Friday, July 31, 2009

Jamaica Bay Wildlife Refuge

Driving through Broad Channel last month on our way back from an appointment, we passed a sign for the Jamaica Bay Wildlife Refuge and decided to stop in. I'd never been there before, though everyone else I've spoken to since is all "...yeah, of course, all the time...since I was a kid..."
Well, it was new to me. And what a nifty place! Birds birds birds. We only saw a few during our midday visit: swans, egrets, red-winged blackbirds...but there are lots more: ospreys, being brought back from the brink of extinction with the help of custom-built nest platforms like the one I wrote about years ago, and barn owls, who are given barn-sized birdhouses. There are houses erected for smaller bird species, and special ones built for just for bats. Quite spoiled, the lot of them. Here's the big barn-owl boudoir:

The refuge is also home to diamondback terrapins, and many of their nests are right next to the trail, as you can see in the photo below. I can't tell you how long we stood there, marveling at the metalworking capabilities of the turtles, so cleverly protecting their nests, before we realized there was an adult right there, just beyond the cage, watching us! Remarkable creatures.

There are lots of sweeping vistas across the salt marshes, alternating with shady avenues of greenery. In the distance, way beyond the free avian housing, you can see the Empire State Building:
There were lots of insects as well, dragonflies and spiders and bees. And snails, of course.
This guy was in the middle of the path, in the blazing sun. I don't know what he was thinking.
He'll be extinct in no time, behaving this way.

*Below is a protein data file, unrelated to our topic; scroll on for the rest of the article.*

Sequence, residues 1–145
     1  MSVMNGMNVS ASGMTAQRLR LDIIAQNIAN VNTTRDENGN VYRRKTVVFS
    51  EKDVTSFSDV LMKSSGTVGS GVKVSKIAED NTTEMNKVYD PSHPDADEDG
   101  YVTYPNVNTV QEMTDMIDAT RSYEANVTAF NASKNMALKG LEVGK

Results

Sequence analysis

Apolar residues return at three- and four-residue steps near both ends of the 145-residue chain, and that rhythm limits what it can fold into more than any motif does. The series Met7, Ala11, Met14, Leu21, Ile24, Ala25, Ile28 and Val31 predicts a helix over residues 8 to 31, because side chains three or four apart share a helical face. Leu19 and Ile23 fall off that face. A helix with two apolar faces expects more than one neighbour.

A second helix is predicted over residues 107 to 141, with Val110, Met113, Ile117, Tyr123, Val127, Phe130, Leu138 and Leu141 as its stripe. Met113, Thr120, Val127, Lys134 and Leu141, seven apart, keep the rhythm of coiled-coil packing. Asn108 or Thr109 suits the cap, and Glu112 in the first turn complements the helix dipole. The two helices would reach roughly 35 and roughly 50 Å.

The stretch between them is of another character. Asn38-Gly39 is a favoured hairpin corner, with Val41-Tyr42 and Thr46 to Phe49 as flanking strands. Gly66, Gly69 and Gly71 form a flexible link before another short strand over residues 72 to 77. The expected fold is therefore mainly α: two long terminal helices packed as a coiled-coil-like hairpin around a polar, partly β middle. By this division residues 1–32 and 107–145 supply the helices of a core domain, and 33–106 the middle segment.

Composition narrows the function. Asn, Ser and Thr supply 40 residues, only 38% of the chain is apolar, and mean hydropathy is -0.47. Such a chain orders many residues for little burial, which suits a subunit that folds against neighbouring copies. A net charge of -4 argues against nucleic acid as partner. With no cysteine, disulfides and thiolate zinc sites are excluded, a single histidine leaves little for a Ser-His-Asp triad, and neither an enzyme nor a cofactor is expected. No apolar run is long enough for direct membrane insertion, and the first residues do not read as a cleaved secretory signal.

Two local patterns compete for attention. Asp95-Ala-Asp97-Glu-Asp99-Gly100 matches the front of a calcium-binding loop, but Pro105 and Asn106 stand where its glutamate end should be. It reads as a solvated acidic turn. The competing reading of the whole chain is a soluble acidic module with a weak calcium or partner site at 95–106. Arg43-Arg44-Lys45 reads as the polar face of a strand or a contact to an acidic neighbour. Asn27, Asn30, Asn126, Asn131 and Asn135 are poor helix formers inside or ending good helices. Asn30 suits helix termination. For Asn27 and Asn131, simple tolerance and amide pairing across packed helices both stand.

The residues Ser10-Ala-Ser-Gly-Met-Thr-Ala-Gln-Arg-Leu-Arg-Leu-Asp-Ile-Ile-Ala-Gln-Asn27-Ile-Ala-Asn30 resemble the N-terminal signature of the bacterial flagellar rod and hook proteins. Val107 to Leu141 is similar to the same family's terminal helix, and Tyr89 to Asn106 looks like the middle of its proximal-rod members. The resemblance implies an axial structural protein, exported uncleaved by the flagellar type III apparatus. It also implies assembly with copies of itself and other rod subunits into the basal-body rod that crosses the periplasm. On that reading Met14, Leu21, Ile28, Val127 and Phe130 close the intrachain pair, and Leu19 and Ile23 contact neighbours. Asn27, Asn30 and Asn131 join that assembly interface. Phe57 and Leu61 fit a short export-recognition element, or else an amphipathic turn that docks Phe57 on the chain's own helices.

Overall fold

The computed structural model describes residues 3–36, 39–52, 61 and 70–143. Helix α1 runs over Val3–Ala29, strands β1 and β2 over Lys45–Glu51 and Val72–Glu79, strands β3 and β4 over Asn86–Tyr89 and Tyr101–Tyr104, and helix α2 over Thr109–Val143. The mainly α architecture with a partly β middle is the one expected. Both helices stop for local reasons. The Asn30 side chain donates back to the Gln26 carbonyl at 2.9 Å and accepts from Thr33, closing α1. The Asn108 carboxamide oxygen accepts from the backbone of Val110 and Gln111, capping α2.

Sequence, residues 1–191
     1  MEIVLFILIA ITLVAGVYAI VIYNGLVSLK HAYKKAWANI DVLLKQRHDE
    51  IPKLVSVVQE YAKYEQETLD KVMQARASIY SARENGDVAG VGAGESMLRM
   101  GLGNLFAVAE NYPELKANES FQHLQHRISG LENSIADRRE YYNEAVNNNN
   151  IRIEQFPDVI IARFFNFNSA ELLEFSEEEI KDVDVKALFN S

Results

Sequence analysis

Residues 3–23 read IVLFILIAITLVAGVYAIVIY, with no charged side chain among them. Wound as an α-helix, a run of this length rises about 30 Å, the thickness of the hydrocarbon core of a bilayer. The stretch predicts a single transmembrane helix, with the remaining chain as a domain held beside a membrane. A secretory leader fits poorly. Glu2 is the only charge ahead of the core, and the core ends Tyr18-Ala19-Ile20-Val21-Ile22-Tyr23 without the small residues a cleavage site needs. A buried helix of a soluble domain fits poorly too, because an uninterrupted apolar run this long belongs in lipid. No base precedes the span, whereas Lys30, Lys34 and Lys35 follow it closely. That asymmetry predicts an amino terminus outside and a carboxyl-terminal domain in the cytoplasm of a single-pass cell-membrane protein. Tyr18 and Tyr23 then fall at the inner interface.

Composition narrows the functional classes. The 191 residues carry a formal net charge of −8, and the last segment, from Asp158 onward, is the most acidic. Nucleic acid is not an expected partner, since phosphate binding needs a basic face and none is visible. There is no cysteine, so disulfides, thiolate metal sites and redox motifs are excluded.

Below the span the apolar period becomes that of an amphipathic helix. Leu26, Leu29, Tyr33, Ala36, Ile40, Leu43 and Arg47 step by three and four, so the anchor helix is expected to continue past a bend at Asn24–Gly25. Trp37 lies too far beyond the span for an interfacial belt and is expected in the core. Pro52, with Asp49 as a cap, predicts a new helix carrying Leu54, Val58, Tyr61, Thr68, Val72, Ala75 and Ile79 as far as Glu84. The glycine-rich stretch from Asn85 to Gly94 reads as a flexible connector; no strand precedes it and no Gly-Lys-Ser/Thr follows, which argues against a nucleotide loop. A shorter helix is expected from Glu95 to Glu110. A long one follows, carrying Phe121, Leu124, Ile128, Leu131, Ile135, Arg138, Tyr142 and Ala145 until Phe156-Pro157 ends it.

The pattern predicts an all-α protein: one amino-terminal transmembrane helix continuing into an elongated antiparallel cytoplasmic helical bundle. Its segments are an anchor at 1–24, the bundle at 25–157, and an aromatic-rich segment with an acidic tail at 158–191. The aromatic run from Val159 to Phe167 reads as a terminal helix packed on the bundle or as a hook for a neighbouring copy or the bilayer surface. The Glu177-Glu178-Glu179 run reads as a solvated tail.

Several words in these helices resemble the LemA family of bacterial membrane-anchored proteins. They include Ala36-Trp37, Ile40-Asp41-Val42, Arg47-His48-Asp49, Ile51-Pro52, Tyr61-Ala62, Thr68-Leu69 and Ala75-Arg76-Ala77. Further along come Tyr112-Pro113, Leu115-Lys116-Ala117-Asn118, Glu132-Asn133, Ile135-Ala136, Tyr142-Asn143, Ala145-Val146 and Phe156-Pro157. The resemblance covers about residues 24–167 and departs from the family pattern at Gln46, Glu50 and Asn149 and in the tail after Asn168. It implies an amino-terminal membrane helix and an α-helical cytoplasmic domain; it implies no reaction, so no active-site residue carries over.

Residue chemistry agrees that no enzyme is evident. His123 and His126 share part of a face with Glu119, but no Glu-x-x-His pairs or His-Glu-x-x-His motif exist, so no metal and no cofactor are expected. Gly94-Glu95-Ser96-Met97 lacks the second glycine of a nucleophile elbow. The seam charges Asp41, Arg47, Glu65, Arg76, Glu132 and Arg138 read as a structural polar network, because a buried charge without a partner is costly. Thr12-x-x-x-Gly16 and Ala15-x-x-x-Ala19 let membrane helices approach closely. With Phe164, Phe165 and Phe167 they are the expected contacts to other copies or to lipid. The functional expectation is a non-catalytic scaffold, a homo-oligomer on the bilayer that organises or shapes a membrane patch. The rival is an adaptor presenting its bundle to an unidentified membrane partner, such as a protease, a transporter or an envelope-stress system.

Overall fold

We tried not to startle this tall, exotic specimen:

I was clearly a "casual" visitor, without a great big lens, or even a hat, and felt strangely out of place for not carrying a tripod. Everyone else was fully equipped. The bright sun made it hard (for me) to photograph the flora, but it was there. Much of it, sadly, undesirable, like the Japanese knotweed that was strangling the native yucca in a picturesque, spiralling manner.

If it ever stops raining this summer, I recommend you visit the refuge, which is part of the Gateway National Recreation Area. There's an informative and well-equipped visitor center, the trails are easy for people of all ages and abilities, and it's free. Oh, and bring your camera.


Clytie said...

Looks and sounds like a fantastic place to visit! I love it that you can see the city in the background, and yet watch so much nature around. I'm so glad you chose to stop!

Cynthia said...
This comment has been removed by the author.
Cynthia said...

So glad you liked it. I'd give anything to see an owl. It really is a sanctuary in this city.

Cynthia said...

It's so unfair that it says "comment deleted" just because I can't remember my password. It looks as if I've said something untoward.

Cynthia said...

So glad you liked it. I'd give anything to see an owl. It really is a sanctuary in this city.